March 23rd, 2019


If Trump Is So Horrible Why Is the Race So Tight?

Bernard Goldberg

By Bernard Goldberg

Published Sept. 20, 2016

 If Trump Is So Horrible Why Is the Race So Tight?

Hillary Clinton is spending tens of millions of dollars more than Donald Trump to win the presidency. If the polls are right, more Americans think she has the kind of temperament needed in a commander-in-chief than he does. She clearly has more experience in government, since he has none. And with the help of her loyal allies in the media, she has portrayed her opponent, with some success, as anti-black, anti-Hispanic, anti-woman, homophobic, irresponsible, unhinged, and downright dangerous.

So why is the race, as my old CBS News colleague Dan Rather might put it, tighter than a wet bathing suit on a long ride home from the beach? Why isn't Hillary leaving Donald in the dust? What's going on?

Despite his many shortcomings, Donald Trump has one thing going for him. Hillary Clinton.

Long before she made the charge that half of Trump supporters belonged in a basket of deplorables, lots of voters - including more than a few Democrats - didn't like her and didn't trust her. And whether the coughing fit and the pneumonia represent something more serious or not, she comes off as less than electrifying on the campaign trail; sometimes as downright sluggish. How she appears matters, and may also factor into the mix of why her poll numbers have been dropping.

Presidential races are usually about the future and Hillary is the calendar girl for the past. She's been around forever and voters figure if we elect her nothing much will change.

Trump certainly is no visionary. He's not a thoughtful man with a wise political philosophy. Yet, in his own way, he represents the future. If voters opt for the status quo, Hillary will be the next president. If they want change, Donald Trump has a chance. Here's a headline from the New York Times: "Appalachian voters know Trump is dangerous. But they're desperate for change." So are a lot of other Americans who don’t live anywhere near the mountains of Appalachia.

But given the realities of the Electoral College, he's still a long shot to win the big prize. Even if he manages to eke out a victory in Florida and Ohio, he still would have a tough time reaching the magic number of 270. When it comes to the Electoral College, the deck is stacked in favor of the Democrats.

If Trump stands a chance, he's going to have to resist the temptation to channel Don Rickles. But that won’t be easy. In just the last few days he’s tweeted that former defense secretary Robert Gates is “dopey,” that panelists on CNN are “mostly losers in life,” that the New York Times “has become a laughingstock rag,” and that Times columnist Maureen Dowd is “a neurotic dope.” Most Americans are not like Trump's most passionate supporters. They revel in the insults. Most Americans don’t. Donald may want to remember that in the debate that's coming up in a few days.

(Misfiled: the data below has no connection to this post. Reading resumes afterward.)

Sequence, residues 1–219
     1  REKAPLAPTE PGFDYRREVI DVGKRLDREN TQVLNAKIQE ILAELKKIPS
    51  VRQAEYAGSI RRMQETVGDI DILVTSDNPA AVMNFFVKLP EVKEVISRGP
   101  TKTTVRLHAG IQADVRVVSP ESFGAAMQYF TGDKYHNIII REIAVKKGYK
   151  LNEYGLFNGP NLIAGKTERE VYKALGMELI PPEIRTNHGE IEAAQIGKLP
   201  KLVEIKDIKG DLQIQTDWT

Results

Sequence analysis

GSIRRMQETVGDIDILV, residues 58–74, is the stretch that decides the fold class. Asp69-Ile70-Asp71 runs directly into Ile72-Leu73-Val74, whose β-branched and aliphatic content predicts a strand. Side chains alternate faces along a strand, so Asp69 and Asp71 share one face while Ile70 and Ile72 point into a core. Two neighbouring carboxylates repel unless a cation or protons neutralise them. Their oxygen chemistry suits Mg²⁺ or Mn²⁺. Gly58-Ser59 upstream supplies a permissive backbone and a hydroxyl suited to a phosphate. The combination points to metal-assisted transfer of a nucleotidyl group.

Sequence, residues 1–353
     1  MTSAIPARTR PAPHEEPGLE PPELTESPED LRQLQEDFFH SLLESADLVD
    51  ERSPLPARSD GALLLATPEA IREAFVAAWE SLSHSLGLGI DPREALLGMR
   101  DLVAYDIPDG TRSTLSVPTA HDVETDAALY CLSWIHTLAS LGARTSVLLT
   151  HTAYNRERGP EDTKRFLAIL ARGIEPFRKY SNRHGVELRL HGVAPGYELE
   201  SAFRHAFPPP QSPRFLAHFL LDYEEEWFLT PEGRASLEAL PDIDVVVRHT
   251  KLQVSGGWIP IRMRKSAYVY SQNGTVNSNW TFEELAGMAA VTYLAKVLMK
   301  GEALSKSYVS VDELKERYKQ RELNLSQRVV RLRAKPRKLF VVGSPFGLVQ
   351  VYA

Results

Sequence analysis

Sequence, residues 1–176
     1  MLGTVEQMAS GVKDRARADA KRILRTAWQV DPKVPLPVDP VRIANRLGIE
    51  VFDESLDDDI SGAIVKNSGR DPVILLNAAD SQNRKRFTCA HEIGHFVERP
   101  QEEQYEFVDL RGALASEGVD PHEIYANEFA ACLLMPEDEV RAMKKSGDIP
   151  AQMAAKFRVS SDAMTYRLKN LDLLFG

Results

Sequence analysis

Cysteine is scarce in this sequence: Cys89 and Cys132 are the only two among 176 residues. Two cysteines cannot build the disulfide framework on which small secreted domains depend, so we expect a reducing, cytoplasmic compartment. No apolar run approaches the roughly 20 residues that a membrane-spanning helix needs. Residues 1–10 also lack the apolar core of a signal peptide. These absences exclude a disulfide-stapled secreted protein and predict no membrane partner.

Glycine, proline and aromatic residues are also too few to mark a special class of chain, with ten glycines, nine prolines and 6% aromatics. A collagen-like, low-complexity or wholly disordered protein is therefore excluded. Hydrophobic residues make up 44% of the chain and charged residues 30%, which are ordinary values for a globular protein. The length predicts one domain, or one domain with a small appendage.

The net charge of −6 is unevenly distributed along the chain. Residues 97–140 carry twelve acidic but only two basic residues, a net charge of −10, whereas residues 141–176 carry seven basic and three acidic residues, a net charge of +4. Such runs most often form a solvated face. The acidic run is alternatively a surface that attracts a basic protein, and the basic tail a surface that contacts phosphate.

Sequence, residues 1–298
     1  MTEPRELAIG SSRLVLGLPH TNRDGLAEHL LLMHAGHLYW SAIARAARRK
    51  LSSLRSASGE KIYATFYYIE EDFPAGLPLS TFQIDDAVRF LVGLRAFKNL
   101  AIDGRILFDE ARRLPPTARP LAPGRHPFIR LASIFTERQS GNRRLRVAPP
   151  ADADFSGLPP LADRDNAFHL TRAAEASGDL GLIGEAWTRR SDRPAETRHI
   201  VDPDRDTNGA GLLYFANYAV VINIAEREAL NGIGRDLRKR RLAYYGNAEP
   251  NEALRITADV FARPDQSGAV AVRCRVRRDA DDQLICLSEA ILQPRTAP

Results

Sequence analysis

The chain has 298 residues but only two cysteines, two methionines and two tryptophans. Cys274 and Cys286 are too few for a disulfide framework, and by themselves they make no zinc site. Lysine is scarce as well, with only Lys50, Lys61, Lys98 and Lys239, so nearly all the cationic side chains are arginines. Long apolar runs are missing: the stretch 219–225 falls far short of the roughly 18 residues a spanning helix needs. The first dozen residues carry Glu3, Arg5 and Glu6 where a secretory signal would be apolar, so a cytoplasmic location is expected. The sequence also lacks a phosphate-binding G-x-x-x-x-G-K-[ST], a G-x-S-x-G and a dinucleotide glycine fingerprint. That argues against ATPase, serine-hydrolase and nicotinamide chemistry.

Just a few weeks ago, it looked like Hillary would win going away. It doesn't look that way anymore.

Here are some numbers from Nate Silver's FiveThirtyEight poll that tracks the candidate's chances of winning in each of the 50 states:

It's generally believed that Trump can't win the election unless he wins in Florida. And in that crucial state, he has a slight edge over Clinton - 50.6 percent to 49.4 percent.

No Republican has ever won the White House without winning Ohio. Trump is leading there as of this writing, 55.2 to 44.7.

And in other important swing state, North Carolina, Trump is ahead 52.3 percent to 47.5 percent.

Despite all that, FiveThirtyEight puts Hillary's chances of becoming president at 61.8 percent to Trump's 38.2 percent.

But, and this a a very important but, this is the headline over a Nate Silver story posted on his website just a few days ago: "Election Update: Democrats Should Panic ... If The Polls Still Look Like This In A Week"

It almost certainly won't happen, but consider this: What if Trump wins the popular vote and Hillary wins the White House anyway? If you think Trump's supporters feel alienated now, imagine their reaction if their guy loses because of an idea the Founders came up more than 200 years ago when America was a very different place than it is today.

On second thought, don't imagine it. It's too scary to contemplate.

So here’s something else to think about: Donald Trump's biggest asset may be that he's running against Hillary Clinton, but Hillary has one thing going for her too. His name is Donald Trump.

Stay tuned.

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